[Ash Kumra]: So one thing I admire about both of you, it sounds like you both have good work ethics and habits. What are some daily rituals that both of you do? And I’ll start with you. What do you do? And it could be anything. There’s no right or wrong.

[Aaron Hinde]: I have a very detailed daily ritual.

[Ash Kumra]: Oh, okay. I thought you were about to say, “I don’t do anything. I just wake up–”

[Berké Brown]: “I just woke up like this.”

[Ash Kumra]: “I drink focus, and I’m like, ‘Ah, ready to be fit.'”

[Aaron Hinde]: “I’m ready to go. Shower and FITAID [laughter].”

[Ash Kumra]: You’re doing it well. I’m telling you. I have this idea that you had [laughter].

[Aaron Hinde]: No, I’ll make it as quick as I can, but basically, I get up at 6 o’clock every morning. I’ll fill out the five-minute journal. If you’re not familiar with it, it’s three things that you’re grateful for, three things that’ll make today great in one’s self-affirmation. I’ll hop in the shower. I’ll do one round of Wim Hof breathing. I’ll slam the hot water off and do about a minute cold plunge. I’ll do a Keto coffee with, usually, some eggs from our chickens, and I’ll take some supplements. I take my son to school. We’ll do a morning prayer together, and then I’ll ask him, verbally, the five-minute journal. What is he grateful for? What’ll help make his day great? And then one self-affirmation. And I go down to Natural Bridges beach. I do a short walk, about a quarter mile. Get to the beach. Let the sun hit me. Do another deeper round of Wim Hof breathing. I ground myself, so I’ll take my hands and just put them into the sand [inaudible] and just kind of feel that and what that’s all about and then do some box breathing, a little bit of meditation, walk back, and then I’m ready to rock and roll. Get in right around 8:00, 8:15.

[Ash Kumra]: Okay. Any certain foods you eat consistently when you’re in your peak time of work, or?

[Aaron Hinde]: I do pretty good on a heavier keto, higher protein diet. I have such a sweet tooth. I love carbs, but it really throws me off. So I do better in my much higher protein and healthy fat content, yeah.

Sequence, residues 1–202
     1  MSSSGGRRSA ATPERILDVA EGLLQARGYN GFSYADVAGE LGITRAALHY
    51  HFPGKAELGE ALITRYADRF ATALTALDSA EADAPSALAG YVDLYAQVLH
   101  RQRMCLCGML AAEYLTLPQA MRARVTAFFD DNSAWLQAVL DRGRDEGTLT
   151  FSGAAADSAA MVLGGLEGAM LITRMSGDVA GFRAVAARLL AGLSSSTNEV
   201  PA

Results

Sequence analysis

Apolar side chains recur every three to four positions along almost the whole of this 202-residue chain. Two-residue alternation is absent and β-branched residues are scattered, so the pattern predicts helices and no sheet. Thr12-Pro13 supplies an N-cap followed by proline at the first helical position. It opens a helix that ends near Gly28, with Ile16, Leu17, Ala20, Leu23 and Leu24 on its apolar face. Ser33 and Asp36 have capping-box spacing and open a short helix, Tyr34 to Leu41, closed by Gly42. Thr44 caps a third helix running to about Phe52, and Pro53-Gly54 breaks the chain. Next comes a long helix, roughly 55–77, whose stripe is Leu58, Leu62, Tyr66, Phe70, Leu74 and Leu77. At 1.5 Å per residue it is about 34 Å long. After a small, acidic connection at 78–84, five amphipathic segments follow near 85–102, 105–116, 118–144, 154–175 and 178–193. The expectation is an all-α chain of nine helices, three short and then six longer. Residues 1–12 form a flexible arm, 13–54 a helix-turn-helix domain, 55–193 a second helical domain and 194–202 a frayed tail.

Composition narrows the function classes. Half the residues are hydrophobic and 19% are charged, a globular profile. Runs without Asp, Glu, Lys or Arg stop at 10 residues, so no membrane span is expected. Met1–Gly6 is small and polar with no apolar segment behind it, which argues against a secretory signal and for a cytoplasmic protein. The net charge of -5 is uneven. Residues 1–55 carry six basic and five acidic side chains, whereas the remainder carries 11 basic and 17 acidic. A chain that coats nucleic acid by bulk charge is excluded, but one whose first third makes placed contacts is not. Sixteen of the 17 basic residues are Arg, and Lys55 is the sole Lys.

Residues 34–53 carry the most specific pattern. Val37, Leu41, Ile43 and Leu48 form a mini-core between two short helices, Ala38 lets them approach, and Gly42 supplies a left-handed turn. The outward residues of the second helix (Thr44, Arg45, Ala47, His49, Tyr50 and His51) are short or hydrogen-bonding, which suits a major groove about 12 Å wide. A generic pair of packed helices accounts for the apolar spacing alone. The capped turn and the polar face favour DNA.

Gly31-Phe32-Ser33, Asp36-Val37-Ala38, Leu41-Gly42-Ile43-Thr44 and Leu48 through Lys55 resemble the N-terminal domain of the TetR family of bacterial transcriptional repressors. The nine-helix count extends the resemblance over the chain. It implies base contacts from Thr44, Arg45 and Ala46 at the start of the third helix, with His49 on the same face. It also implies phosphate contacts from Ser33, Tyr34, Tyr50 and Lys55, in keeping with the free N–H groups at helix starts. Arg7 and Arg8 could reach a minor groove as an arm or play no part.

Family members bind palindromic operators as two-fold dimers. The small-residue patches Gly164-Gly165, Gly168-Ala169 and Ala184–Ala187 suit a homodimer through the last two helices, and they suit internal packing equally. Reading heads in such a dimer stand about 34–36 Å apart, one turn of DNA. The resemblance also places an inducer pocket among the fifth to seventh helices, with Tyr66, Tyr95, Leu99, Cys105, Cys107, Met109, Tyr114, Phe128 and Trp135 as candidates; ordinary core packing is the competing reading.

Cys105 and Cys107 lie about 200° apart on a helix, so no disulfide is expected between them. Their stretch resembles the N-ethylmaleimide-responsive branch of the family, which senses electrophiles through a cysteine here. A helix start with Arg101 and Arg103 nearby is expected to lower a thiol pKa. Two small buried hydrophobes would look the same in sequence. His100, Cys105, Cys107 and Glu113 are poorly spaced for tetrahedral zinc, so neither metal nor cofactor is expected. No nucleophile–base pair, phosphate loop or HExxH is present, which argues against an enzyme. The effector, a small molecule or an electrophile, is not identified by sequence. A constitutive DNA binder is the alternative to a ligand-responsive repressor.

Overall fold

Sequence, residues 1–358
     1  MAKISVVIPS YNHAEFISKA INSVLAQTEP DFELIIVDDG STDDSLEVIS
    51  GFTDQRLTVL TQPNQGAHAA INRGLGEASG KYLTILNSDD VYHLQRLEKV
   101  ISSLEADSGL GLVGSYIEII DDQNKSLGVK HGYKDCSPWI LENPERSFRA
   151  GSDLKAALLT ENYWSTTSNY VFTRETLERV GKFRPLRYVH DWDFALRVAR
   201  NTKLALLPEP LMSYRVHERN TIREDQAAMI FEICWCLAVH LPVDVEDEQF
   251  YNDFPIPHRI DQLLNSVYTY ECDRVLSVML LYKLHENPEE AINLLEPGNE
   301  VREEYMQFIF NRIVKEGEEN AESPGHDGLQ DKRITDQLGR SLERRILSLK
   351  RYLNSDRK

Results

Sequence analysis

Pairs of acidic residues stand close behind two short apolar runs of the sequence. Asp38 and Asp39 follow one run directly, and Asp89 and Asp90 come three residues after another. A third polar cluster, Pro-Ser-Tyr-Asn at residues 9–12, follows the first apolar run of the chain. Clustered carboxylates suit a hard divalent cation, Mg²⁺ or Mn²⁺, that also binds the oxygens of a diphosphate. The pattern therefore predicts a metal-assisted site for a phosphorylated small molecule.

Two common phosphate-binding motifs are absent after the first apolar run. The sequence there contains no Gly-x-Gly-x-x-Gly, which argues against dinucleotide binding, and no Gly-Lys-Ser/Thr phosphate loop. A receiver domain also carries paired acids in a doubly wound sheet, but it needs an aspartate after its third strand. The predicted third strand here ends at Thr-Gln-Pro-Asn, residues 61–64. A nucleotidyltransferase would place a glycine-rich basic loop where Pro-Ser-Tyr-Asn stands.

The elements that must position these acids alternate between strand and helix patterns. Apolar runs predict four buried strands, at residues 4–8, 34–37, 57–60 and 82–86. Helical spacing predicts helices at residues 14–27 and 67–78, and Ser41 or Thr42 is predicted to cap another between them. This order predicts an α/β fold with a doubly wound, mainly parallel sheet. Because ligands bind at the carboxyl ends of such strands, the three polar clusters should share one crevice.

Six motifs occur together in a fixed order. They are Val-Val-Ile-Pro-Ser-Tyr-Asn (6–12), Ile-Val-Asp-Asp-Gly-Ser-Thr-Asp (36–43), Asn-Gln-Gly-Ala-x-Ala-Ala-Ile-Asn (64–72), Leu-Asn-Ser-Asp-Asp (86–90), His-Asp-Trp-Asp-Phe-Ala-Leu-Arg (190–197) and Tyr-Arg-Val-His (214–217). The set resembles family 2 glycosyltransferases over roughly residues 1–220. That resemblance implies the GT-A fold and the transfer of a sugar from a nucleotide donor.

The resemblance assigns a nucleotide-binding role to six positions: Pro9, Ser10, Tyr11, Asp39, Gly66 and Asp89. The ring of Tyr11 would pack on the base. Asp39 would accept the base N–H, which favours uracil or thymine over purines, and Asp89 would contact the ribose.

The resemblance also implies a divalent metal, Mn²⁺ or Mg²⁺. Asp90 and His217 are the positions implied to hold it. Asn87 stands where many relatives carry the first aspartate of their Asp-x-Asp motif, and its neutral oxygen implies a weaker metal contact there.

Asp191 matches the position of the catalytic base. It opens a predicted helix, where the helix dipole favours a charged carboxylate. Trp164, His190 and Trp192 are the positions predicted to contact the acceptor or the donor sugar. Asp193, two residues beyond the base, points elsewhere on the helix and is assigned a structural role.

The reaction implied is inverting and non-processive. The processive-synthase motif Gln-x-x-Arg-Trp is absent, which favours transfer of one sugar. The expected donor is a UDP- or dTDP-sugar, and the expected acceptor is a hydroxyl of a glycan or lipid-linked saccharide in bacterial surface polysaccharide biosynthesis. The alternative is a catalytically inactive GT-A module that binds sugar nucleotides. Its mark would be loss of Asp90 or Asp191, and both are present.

[Ash Kumra]: Okay. Cool. How about you? What’s your rituals?

[Berké Brown]: I love it. Yeah, my ritual starts at night. I have a night ritual, and so what it is is real basic. I separate it into kind of grand vision, then small things to do. Did you fight the urge to– the sleep urge?Because sometimes when you’re working so hard, you’re like, “Okay, I just got to keep going.” So if I fight the sleep– and I actually give them points, so there’s a higher point system. If I fought the sleep urge, it’s a higher point system. Right? So I have this on this– I created it on Survey Monkey. And so it asks, “Did you fight the urge? Did you go to bed on time?” And it says, “What are the top three tasks that you have for tomorrow? Were you successful achieving your top three tasks today?” And then the little area from notes, lessons learned– because I’m trying to, every time, fix myself a little bit more. Why is my ratio– is it either that I’m putting too much on my plate– I just need to know how long it takes me to do what I need to do so I can go to be good at that. And then I have a little space for kudos, where I get myself kudos on any successes in the day, even if I didn’t do well. And then I get a percentage grade, which sets me up for the morning.

[Berké Brown]: When I wake up, I have a morning ritual. The morning ritual is the first three things that you’re grateful for. It says, “What do you want to create in the world? What do you want to create in the world for others? What you want to create in the world for yourself?” Some type of affirmation. Three topics, three main things that you want to get done. Oh, ”What is the theme?” because I have my weeks separated by themes, so–

[Ash Kumra]: What do you mean by that?

[Berké Brown]: So Monday would be client day. That’s when I have a major focus time for clients. So anything that, if I’m putting– because the thing is, when you’re just throwing all of your tasks out, randomly, throughout the week, there’s no story. And the narrative is everything to be internally motivated. I have to have a reason why I’m doing this as opposed to just checking off the list. If my highest motivation is to check off a list, then I’m not motivated by my purpose. Right? So clients day, I set my clients, and during the focus hours that I have, then I have shotgun tasks. Those shotgun tasks are just any tasks that randomly need to get done that day. Right? And then I have a day where it’s focusing on the finance or focusing on the marketing or focusing on– so each day has its theme and its power. Right. So then I make sure that everything is put into the proper bucket, and then, from that space, I can allow myself to not have to think, “What day am I going to do that?” I’m going to do that on marketing day. It’s as simple as that. Oh, personal self-motivation day? Sunday. That’s when I connect to God. That’s when I connect myself, to my spirit, and my social life. Who are the people around me that I need to connect with? Reach out to people.

 

[Berké Brown]: So then I have– so I finish off. I do my meditation, and I do different types of meditation depending on how I feel. I used to be very strict on what type of– I was trying to do transcendental meditation, but what happened was, because I felt like if I didn’t do it, I was bad, it worked against me. So now, what happens is, I have flexible meditation. So what I do is, either I can do something as simple as [headspace?] or calm, where certain breaths that I do– or if I decide to do transcendental, but I do it for a kind of period of time. And then I’m off into my day. And it ends with simple, “Did you do your stretches? Did you make your bed?” Because it’s these small wins that give you the motivation to push on forward from there.